By Stephen Duane Dean Junior
In 1487, Godfrey O’Donnell killed a Breifre O’Rourke with what was most likely a primitive cast iron hand cannon. Detailed in the Annals of the Four Masters, the text differs on the wording regarding what to call the new weapon. What was less uncertain was that the new weapon could only be trusted in the hands of those loyal to the English state and kept out of the hands of the local Gaels. 355 years later in a debate about what to do about the gun in Ireland in the House of Commons caused one man to remark that ‘ take from honest men the means of defence, and will not deprive the turbulent and the lawless of the means of aggression.’ (ARMS (IRELAND) BILL. House of Commons Deb 29 May 1843 vol. 69 cc996-1063) On January 30 of this year, the Irish Labour whip Ms Hayden stated that ‘it is shocking to think there are criminals – drug dealers and other forms of low -life – who walk around in this country and seem to have no difficulty whatsoever accessing firearms.’
Firearms have always caused consternation when they fall into the hands of those deemed unworthy of their use. Whether a killing field in 1487 or remarks made to reporters in 2013 the debate about the gun has a certain timelessness. Unlike some other commentators this brief piece is not going to on the intent of the founding fathers of the American Revolution, or the nuances of meaning by the framers of the Bill of Rights. Rather, it is to put firearms in a different context. It is about what the gun represents. What is has always represented.
Recently, the recurrent debate on gun ownership has been galvanizing two very different narratives of what the legacy of the right to bear arms is to be and what it might become. Taking a look at a different world entirely may provide an alternative starting point to an often muddled discussion. I will cover a major theme of my own work, and how it might be applied to the current debates taking place in small towns and urban conglomerations throughout America in churches, cafes, bars and boardrooms.
The gun itself embodies violence. Debates around the legitimacy of the ownership or use of the gun are interrelated. Firearms can be understood in the terms of their use in military conflicts between Westphalia nation states. But, for our purposes, both historically and in the current debate, the gun must rather be seen as a way of engaging in politics itself. Violence can be -in and of itself- a political action and guns serves to embody an erosion of the state’s supposed monopoly on violence. To let someone have a gun is a very dangerous expression of trust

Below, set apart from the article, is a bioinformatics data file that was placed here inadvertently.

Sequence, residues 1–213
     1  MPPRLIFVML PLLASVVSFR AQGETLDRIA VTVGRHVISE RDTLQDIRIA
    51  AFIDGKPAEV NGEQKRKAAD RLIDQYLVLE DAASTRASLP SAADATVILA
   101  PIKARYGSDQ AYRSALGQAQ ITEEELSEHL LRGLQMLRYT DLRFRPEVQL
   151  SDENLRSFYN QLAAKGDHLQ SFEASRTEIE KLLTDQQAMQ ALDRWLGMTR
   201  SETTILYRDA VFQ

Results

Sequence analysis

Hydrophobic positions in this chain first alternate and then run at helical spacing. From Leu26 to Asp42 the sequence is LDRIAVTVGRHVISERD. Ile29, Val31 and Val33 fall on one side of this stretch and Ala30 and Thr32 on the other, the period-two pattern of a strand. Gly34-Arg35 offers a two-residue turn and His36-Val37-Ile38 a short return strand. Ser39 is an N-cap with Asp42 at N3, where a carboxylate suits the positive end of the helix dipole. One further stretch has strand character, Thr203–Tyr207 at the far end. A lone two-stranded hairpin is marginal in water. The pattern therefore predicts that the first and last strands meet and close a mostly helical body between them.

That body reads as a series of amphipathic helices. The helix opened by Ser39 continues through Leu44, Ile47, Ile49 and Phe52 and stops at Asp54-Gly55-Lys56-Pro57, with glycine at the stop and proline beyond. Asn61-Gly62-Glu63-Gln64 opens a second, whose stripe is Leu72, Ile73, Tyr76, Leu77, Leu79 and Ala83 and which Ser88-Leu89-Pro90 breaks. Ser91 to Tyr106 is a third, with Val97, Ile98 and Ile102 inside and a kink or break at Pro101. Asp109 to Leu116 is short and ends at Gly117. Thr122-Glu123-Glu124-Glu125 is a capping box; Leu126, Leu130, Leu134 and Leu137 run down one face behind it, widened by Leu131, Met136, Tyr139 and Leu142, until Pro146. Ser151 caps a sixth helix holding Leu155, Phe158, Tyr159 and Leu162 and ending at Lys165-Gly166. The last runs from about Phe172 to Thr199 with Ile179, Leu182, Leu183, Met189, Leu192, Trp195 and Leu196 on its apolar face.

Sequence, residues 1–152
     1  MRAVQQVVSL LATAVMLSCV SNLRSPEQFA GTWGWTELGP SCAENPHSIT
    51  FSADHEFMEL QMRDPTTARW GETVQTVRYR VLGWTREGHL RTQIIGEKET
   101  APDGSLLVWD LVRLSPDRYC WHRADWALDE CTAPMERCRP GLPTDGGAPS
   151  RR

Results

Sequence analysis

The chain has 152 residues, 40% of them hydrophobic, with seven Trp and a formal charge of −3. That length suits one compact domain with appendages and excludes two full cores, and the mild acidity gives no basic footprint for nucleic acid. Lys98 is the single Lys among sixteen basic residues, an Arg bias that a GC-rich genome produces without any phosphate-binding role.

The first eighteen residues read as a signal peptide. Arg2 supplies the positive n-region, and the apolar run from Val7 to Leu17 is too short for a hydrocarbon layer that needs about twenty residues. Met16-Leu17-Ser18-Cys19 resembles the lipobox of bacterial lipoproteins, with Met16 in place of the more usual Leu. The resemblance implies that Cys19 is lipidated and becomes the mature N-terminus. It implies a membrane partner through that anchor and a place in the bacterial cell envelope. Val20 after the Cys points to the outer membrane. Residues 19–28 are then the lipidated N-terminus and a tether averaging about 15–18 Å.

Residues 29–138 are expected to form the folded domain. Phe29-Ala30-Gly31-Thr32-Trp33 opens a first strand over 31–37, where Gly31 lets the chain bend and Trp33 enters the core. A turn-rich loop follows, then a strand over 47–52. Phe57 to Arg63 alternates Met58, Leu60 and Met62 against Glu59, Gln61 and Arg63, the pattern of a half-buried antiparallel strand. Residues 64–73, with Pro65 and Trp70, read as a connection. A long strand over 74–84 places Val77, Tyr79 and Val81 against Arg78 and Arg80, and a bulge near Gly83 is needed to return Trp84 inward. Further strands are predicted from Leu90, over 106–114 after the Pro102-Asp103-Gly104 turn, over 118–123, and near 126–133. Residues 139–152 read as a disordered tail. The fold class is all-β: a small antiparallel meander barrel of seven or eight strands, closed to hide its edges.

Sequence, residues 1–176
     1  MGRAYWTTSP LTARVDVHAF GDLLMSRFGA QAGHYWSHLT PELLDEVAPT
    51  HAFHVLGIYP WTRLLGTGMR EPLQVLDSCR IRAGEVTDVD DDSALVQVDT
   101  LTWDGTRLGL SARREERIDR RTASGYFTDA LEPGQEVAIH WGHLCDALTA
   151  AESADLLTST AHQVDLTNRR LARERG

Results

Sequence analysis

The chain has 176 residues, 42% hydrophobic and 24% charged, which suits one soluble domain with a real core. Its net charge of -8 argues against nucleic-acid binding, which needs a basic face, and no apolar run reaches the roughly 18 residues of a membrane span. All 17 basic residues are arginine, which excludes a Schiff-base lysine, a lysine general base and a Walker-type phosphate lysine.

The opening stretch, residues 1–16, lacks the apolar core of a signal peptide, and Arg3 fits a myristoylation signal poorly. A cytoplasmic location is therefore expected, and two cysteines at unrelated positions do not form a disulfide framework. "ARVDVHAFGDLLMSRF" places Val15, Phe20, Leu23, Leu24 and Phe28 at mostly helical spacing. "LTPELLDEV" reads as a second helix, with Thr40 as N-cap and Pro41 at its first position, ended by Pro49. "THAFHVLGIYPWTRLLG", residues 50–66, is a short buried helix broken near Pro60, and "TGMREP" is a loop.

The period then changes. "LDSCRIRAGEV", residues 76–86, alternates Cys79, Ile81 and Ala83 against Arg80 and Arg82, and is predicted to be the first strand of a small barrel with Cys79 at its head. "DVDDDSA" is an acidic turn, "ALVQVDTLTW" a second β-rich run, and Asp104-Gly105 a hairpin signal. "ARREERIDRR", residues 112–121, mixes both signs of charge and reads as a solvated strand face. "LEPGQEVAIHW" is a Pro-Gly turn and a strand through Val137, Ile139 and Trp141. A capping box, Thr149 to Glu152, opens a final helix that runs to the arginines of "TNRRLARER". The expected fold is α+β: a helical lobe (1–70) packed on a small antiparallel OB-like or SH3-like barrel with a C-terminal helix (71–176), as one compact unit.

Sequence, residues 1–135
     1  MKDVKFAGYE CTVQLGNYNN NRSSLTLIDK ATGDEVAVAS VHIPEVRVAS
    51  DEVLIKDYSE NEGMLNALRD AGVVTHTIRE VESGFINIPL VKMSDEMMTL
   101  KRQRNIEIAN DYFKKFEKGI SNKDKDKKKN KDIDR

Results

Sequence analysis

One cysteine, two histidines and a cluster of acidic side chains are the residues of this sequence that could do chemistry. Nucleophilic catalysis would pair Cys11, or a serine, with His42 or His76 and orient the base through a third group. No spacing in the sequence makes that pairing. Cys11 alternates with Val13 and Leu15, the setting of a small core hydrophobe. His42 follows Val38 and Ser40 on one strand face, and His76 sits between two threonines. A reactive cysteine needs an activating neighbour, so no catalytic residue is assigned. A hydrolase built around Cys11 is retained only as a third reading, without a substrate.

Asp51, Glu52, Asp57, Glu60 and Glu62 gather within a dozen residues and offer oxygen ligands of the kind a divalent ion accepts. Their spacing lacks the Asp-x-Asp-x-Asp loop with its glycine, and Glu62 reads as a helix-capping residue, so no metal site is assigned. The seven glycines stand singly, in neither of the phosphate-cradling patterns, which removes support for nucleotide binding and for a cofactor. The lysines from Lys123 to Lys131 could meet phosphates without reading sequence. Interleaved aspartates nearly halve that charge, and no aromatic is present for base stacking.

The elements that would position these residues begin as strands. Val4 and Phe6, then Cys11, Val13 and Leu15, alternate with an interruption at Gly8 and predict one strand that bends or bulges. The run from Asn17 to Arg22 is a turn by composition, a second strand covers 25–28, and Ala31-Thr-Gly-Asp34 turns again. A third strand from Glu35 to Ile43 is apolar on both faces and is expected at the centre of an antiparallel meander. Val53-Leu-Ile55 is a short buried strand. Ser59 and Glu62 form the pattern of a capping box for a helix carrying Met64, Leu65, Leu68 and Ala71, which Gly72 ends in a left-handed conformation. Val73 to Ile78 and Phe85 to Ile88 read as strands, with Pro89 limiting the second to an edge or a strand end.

Firearms also, by their very nature, politicize wielders of them. Understanding how to define the often amorphous loyalties of those using firearms in particular presents historians with a difficulty, much as it currently presents lawmakers and citizens with difficulty. It is very hard to legislate loyalty or to use coercive measures to force peace into a community. My current project, ‘When a Number of Stout Fellows in not enough: Firearms, Legitimacy and Violence in Eighteenth-Century Ireland’ focuses on the failure to monopolize the gun for a minority over a majority by successive administrations in the same period as most debates about guns in America begin.
However, the debate about the gun began long before 1775 and outside the confines of the 13 American colonies which has provided ample opportunities to think about what the gun can mean. One part of my work has been to reinforce the thought that it is much easier to fetishize the gun as short hand for much larger debates than to think of what guns are for. Guns are designed to inflict harm. Obviously, firearms also can be used for work, recreation or other purposes, but I think this ignores the primacy of the gun as a tool of violence. It has always been the case. The right to bear arms is much more tangible embodiment of the same power given alongside the right to vote. Historically those allowed to bear arms legitimately were those who were loyal enough to be trusted. As the franchise expanded so did the perceived right for those deemed full citizens to have the right to bear arms
A citizen in arms is the leit motif of the republic. The effectiveness of that individual towards the defence of the homeland is not the point. To hold the gun is to hold a piece of the collective agreement of managed violence. The taking away from the individual citizen the opportunity to hold a portion of the collective potential for violence may result in giving away too much. It was this fear that was invoked in the eighteenth century, and one which is being invoked now.
There will always be blood on someone’s hands. Thomas Hobbes disbarred fools, madmen and children from being able to give up their own capacity to do violence to the state in Leviathan. It might be in our interest to allow for the small preservation of the individuals portion of the State’s monopoly of violence as a means of allowing for preservation of freedom, even if we must tolerate fools, madmen and children doing terrible things.
Stephen Duane Dean Junior is in the final stages of completing a PhD in History at King’s College London. Prior to beginning his current project, he completed a Masters of Arts in Intellectual History and Political Thought at Queen Mary and University College London and a Bachelors of Arts from Université du Maine à Fort Kent. When not deciphering handwriting from mean spirted clergymen or libelous scoundrels Stephen can be found haunting the hallways of the Institute of Historical Research.
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